In the example of FIG. 5, the tree network (108) is characterized by a root compute node (202) and a plurality of tiers of compute nodes, Tier 0, Tier 1, and so on. The tiers of compute nodes are defined by the number of data communications links between the compute nodes of a tier and the root compute node (202). The compute node in Tier 0 has zero data communications links between the compute nodes in Tier 0 and the root node (202)—which is the only compute node in Tier 0. Each compute node in Tier 1 has one data communications link between it and the root node (202). Each compute node in Tier 2 has two data communications links between it and the root node (202). And so on.

The tiers of the network tree of FIG. 5 are numbered in integer sequence beginning with the tier containing the root node as Tier 0 and continuing with Tier 1, Tier 2, and so on. The fact that the tiers are numbered in integer sequence means that the tiers of compute nodes in the example of FIG. 5 include even-numbered tiers of compute nodes and odd-numbered tiers of compute nodes. Even-numbered tiers include Tier 0, Tier 2, and so on. Odd-numbered tiers include Tier 1, Tier 3, and so on.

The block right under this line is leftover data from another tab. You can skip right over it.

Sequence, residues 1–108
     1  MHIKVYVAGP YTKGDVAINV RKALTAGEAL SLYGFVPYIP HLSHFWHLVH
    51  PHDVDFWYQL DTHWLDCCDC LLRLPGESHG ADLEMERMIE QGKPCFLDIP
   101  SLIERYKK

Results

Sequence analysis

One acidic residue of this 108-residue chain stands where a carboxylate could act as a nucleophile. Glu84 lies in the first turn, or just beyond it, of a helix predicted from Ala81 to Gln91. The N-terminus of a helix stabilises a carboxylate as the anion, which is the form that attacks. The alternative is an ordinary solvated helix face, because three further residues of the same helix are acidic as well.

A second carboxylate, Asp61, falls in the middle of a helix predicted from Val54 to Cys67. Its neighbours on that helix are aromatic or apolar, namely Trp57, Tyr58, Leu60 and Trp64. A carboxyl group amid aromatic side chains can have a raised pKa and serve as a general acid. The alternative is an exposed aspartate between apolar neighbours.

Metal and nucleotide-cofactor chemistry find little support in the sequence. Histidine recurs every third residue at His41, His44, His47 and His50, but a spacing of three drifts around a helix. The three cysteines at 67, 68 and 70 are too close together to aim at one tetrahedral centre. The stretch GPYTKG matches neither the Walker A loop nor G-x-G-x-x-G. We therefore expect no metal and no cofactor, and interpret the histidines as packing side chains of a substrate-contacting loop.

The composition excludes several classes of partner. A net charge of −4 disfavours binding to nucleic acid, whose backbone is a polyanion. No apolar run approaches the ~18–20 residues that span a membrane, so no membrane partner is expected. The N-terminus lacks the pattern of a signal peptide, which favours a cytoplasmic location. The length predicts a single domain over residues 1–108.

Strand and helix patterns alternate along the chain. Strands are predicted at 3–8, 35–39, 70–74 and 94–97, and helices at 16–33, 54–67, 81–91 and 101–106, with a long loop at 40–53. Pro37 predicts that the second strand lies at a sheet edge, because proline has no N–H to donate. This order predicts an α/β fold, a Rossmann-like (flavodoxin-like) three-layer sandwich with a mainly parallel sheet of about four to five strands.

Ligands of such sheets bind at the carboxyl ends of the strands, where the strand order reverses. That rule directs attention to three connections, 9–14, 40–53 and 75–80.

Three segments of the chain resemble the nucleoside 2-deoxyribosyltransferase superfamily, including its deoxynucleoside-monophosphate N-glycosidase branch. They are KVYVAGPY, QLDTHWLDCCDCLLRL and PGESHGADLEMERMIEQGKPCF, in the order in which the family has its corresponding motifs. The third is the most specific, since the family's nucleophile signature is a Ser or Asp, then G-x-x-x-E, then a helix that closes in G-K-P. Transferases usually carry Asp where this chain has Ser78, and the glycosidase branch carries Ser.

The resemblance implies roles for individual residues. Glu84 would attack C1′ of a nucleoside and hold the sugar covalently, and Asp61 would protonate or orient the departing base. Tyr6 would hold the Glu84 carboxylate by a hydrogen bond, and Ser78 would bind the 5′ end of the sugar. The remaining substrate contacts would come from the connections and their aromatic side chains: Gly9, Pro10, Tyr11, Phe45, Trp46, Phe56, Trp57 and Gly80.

For further explanation, FIG. 6 sets forth a flow chart illustrating an exemplary method for identifying failure in a tree network of a parallel computer (100). The method of FIG. 6 is carried out in a parallel computer (100) that includes a plurality of processing sets (304). A processing set (304) includes an I/O node (306) and a plurality of compute nodes (308). The exemplary parallel computer (100) of FIG. 6 has only one processing set (304). This is for ease of explanation only, and not for limitation. In fact, parallel computers capable of identifying failure in a tree network according to the present invention may include hundreds or thousands of processing sets as will occur to those of skill in the art.